A Shortage of Social Security

As the St. Petersburg International Economic Forum gets under way, it is striking to compare how much difference a year makes. For example, on May 19, 2008, the RTS Index hit a high for the year of 2,498. This May 19, the RTS fell to 940 before closing at 969. It has risen a bit since then but remains around 1,100, which is 40 percent below last year's high. From all appearances, the country's gross domestic product has not suffered to the same extent. During the first quarter, the GDP fell "only" 9.5 percent. But this is little consolation to those who have suffered the full impact of this contraction, including the rising ranks of unemployed, which increased 34 percent in the first quarter.

While the financial crisis is truly global, the situation in Russia is potentially more troubling than in most other countries. Despite the turbulent 1990s, Russians are still ill equipped to deal psychologically with the current crisis. Most Russians remember the "social security" of the Soviet Union, in which the state owned the means of production. Although there was an enormous gap between theory and reality, the one thing Soviet citizens could count on was a job until they reached pension age.

The new post-Communist world is very different, of course. Compounding the problem is that after so many years of communism, Russia never had any need to develop the economic tools that the West has found to be so important in coping with its periodic and recurring recessions.

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Today, Russia does not have the necessary tools and mechanism that could help it extract itself from its economic difficulties. For example, it lacks what Western economists have come to call automatic stabilizers -- measures that are turned out automatically and quickly without prodding from state authorities. One of the best examples is unemployment insurance. When employed, workers are required to pay a tax into a social insurance fund. Should they ever find themselves unemployed, the state will allow them to tap into this fund even if unemployment assistance is significantly lower than what they earned. In any case, when workers receive unemployment benefits, this results in an increase in consumption that otherwise would not have taken place. Equally important, the fact that consumption does not plummet to zero provides a stimulus for production and jobs that would otherwise be absent.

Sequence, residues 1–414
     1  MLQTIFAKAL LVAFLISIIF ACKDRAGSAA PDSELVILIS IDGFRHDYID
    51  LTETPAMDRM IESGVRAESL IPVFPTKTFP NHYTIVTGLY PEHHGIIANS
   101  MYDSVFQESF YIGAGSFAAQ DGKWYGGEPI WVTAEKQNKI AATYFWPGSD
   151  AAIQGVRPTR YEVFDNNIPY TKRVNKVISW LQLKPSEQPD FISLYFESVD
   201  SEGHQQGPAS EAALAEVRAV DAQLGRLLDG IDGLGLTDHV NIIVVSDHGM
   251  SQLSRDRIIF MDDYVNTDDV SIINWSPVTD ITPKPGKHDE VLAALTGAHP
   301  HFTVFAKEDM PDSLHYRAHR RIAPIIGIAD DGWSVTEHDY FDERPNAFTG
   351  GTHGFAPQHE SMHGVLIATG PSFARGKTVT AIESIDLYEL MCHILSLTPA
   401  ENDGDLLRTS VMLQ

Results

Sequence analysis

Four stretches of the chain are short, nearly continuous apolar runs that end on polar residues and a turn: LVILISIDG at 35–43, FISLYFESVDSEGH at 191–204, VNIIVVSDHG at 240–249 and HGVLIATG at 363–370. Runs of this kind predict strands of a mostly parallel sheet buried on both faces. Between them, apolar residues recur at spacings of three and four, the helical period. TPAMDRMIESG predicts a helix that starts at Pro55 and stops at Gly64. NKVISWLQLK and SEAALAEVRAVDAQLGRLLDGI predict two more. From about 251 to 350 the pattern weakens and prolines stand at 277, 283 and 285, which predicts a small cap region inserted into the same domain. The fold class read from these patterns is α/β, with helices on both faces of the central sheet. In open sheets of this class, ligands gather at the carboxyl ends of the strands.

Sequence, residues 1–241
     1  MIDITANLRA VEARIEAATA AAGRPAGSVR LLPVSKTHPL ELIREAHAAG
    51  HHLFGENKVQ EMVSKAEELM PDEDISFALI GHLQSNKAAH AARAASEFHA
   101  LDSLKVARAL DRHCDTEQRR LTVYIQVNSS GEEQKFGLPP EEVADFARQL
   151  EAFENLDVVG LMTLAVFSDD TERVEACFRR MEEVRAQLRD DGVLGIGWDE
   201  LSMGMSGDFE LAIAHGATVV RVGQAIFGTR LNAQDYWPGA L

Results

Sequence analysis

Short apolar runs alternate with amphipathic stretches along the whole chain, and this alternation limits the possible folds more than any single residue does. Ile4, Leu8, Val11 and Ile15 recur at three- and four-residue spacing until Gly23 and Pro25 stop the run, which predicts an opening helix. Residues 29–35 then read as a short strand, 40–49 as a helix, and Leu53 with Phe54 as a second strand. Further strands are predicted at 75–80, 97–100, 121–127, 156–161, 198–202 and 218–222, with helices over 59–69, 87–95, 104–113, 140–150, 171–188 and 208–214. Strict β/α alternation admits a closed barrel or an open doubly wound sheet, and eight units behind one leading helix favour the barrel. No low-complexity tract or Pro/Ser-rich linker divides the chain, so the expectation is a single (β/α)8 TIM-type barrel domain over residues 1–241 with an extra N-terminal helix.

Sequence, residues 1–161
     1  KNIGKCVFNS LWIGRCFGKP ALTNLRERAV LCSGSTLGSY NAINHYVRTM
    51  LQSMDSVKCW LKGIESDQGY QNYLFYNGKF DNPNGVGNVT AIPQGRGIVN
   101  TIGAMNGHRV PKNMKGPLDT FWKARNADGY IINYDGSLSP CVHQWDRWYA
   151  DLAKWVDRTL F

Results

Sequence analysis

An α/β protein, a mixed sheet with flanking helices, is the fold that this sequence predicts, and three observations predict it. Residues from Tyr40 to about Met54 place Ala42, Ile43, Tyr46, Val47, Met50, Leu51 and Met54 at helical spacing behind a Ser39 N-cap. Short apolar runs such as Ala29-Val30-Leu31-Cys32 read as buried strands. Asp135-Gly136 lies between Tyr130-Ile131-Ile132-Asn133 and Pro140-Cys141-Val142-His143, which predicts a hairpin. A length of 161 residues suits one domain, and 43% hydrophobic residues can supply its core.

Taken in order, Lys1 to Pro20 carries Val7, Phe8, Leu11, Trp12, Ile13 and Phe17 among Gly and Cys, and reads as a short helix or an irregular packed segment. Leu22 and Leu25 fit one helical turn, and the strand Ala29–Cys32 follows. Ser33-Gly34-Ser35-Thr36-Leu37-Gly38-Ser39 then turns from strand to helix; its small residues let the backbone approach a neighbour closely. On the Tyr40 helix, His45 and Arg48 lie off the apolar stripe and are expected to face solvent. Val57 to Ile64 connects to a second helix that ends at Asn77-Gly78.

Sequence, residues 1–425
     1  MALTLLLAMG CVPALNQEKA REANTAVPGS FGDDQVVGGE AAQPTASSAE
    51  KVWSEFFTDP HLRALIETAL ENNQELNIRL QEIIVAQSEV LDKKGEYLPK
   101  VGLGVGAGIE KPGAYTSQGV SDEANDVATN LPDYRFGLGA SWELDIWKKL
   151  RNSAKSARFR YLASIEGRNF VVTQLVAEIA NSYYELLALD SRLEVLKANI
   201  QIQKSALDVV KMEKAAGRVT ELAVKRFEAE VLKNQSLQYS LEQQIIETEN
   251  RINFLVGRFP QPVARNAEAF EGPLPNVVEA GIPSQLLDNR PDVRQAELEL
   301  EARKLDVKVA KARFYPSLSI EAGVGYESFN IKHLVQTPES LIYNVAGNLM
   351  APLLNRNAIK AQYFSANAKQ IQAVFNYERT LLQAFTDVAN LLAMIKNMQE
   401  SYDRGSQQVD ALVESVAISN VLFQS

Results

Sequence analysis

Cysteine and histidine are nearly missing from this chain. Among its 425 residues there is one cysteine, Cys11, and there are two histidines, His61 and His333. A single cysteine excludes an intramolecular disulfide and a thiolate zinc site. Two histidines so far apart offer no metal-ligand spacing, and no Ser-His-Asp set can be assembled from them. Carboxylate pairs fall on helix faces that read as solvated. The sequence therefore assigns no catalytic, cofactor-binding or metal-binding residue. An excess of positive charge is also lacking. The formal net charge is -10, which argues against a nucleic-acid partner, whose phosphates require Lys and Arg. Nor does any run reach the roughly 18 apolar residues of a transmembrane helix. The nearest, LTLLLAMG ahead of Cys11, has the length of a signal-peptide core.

Since these kinds of income stabilizers were not necessary in the former centrally planned economy, Russia has been slow to institute them -- even 18 years after the Soviet collapse. Another example is bank deposit insurance fund, which was totally absent until January 2004. Even now, it protects only $27,000 in bank account deposits.

Nor has Russia's over-reliance on energy exports been good for the economy, particularly when oil prices fell from $147 a barrel in the summer to as low as $30 a barrel earlier this year. In the past month, oil prices have recovered, but since energy production accounts for over 50 percent of the country's export earnings, the drop in prices has had an impact across the board, affecting not only export earnings but also income tax revenues. This, in turn, has led to a destructive chain reaction of factory closings and layoffs in many different sectors.

What remains to be seen is how this reversal of economic fortune will affect the country's political climate. Vladimir Putin was extremely lucky to be appointed prime minister in August 1999 -- a time when the economy was at one of its lowest points during Boris Yeltsin's presidency. Beginning in 2000, however, the Russian economy grew at about 7 percent a year, which also coincided with Putin's stay in office. Understandably, the average Russian may come to associate the good times with Putin's tenure as president and the sudden change in economic fortunes with Dmitry Medvedev's presidency. In reality, of course, Medvedev has no more to do with the drop in oil prices than Putin had to do with their increase eight years earlier.

In any case, the burden will fall on Medvedev's shoulders to earn and retain the people's support during a deep, prolonged recession. Putin had it much easier.

Marshall I. Goldman, author of "Petrostate: Putin, Power and the New Russia," is a senior fellow at the Davis Center for Russian Studies at Harvard University